Giant African Snail Threatens Australian Authorities, Gets Killed

A Giant African Snail has been found and killed after it was discovered at a container yard in Brisbane, Australia.

The container yard's staff spotted the creature, then quickly reported the sighting to Department of Agriculture biosecurity officers. The snail was reportedly about the size of a baseball and was found crawling on a cement sidewalk.

The snail was humanely eliminated by biosecurity officers, who were unable to locate others like it at the scene. The officers will continue monitoring the site for one week as a precaution.

The Giant African Snail is usually found in the Asian and African regions. It is known for its voracious appetite and has decimated fruit trees, crops and forests.

"Giant African Snails are one of the world's largest and most damaging land snails," said DAFF regional manager Paul Nixon in a statement. "Australia's strict biosecurity requirements and responsive system has so far kept these pests out of Australia and we want to keep it that way."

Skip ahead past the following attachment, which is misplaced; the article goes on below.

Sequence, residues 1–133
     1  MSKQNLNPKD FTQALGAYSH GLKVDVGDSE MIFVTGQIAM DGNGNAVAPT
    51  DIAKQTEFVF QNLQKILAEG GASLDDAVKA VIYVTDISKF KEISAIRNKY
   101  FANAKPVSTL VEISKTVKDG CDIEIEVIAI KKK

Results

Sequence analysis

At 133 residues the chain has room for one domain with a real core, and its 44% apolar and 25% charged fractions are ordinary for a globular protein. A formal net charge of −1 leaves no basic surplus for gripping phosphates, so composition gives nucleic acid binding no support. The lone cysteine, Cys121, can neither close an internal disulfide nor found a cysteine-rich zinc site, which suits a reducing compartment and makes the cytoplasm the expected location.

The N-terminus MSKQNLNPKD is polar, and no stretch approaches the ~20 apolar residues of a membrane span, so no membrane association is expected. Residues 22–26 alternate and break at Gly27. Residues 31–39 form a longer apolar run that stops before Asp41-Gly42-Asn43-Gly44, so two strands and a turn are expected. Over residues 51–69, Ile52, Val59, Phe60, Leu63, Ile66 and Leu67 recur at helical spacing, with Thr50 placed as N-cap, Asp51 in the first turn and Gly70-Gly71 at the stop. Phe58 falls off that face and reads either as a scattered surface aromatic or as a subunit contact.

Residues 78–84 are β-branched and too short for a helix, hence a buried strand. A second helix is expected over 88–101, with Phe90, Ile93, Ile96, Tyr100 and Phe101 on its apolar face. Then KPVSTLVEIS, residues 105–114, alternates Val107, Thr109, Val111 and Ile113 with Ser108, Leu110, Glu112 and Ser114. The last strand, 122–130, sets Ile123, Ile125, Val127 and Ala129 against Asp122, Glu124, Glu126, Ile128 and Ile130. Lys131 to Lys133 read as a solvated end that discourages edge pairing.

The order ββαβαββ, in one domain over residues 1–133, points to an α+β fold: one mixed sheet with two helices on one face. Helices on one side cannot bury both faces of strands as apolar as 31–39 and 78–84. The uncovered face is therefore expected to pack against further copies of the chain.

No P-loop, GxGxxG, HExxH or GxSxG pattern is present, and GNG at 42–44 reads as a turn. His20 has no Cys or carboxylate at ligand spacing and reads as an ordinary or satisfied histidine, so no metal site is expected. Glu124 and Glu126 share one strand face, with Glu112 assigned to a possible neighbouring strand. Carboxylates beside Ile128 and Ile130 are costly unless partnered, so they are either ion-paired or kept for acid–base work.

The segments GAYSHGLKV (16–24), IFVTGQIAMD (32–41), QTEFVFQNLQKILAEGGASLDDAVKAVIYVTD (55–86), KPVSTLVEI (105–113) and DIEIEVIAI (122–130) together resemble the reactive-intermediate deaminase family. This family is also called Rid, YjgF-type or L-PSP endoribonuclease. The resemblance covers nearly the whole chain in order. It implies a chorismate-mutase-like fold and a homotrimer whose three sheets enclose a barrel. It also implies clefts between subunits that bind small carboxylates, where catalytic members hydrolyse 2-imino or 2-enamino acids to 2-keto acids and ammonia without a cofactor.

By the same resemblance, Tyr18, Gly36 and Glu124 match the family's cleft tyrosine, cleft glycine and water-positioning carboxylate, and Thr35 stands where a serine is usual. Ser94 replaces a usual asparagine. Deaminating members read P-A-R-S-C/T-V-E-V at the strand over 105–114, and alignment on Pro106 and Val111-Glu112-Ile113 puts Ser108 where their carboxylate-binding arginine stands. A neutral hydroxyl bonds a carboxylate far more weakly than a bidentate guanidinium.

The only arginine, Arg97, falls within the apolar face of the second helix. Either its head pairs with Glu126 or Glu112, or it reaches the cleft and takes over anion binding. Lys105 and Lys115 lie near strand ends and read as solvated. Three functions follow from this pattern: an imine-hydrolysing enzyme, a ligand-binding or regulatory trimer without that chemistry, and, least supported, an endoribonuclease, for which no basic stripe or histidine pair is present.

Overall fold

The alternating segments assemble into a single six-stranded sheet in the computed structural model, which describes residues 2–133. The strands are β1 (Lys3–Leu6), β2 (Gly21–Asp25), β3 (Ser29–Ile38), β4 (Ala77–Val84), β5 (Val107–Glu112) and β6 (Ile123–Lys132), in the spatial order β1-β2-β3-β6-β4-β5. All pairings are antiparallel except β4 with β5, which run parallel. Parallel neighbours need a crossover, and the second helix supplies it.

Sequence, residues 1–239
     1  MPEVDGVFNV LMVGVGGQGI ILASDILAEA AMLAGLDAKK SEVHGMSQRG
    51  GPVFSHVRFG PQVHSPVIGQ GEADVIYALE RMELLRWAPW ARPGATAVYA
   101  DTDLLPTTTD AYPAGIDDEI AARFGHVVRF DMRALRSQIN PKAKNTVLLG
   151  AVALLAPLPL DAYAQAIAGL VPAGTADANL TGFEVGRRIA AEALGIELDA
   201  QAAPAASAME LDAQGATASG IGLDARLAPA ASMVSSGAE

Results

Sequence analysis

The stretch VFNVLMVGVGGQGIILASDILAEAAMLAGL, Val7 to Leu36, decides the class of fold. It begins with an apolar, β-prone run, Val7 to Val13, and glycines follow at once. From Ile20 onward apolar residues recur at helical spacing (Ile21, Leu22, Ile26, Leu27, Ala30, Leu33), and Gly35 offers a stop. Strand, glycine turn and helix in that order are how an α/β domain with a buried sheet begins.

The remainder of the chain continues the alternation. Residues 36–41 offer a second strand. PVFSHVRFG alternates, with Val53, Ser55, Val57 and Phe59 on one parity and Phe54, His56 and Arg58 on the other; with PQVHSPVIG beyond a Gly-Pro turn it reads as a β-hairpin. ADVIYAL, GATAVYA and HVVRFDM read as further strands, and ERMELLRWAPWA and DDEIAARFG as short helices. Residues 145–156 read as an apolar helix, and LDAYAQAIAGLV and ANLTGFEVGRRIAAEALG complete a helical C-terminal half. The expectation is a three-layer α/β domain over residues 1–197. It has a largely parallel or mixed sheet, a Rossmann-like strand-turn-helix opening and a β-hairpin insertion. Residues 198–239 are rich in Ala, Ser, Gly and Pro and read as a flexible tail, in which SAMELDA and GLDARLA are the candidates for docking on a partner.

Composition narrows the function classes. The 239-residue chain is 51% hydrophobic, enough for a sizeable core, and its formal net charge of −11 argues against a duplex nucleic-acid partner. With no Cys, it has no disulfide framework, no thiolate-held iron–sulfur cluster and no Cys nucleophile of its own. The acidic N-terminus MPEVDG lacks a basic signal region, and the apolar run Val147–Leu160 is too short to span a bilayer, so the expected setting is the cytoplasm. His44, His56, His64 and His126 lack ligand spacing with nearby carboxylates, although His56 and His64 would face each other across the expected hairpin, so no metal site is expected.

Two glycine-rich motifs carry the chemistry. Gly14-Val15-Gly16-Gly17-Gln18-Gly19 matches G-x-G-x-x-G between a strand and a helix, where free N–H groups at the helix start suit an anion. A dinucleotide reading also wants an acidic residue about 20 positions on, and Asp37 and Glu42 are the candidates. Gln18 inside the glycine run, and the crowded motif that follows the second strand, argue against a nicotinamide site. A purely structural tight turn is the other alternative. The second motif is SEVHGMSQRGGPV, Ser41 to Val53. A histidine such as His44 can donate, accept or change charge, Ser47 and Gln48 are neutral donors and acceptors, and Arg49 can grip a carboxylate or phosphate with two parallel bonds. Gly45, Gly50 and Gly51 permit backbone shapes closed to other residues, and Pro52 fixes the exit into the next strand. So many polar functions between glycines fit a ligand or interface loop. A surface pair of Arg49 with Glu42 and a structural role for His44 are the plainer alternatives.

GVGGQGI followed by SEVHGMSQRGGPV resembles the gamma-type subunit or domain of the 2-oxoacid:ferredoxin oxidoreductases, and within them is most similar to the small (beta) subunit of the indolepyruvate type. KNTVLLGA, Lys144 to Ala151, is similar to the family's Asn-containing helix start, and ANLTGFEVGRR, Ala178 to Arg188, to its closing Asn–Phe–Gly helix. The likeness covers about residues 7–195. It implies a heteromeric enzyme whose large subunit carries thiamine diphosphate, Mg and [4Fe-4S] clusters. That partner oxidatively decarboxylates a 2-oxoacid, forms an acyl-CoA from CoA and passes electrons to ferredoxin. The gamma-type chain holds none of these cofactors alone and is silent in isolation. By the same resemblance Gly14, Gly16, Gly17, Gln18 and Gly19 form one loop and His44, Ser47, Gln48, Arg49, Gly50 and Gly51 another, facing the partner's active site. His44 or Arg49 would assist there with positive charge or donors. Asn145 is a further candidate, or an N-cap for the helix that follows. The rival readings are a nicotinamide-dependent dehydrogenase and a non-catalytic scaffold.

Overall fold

A proliferation of this type of creature in Australia would certainly be bad news for the country. The creature has already made its presence known in Florida, a situation the U.S. Department of Agriculture describes in a blog titled "Escargot? More like Escar-no!"

"Big and slimy, the giant African snail is well-equipped to become an invasive species: they have voracious appetites, reproduce quickly, live a long time, and have no natural predators in Florida," the blog states. "...Originally from East Africa, the snail has established itself throughout the Indo-Pacific Basin, including the Hawaiian Islands, and has been introduced into the Caribbean.... When released into the environment, they can wreak major havoc on agriculture and the environment - much like what is happening in Florida right now."

A Giant African Snail can lay up to 1,200 eggs per year after one mating and can live up to nine years. Hopefully Australia will remain free of a snail invasion.

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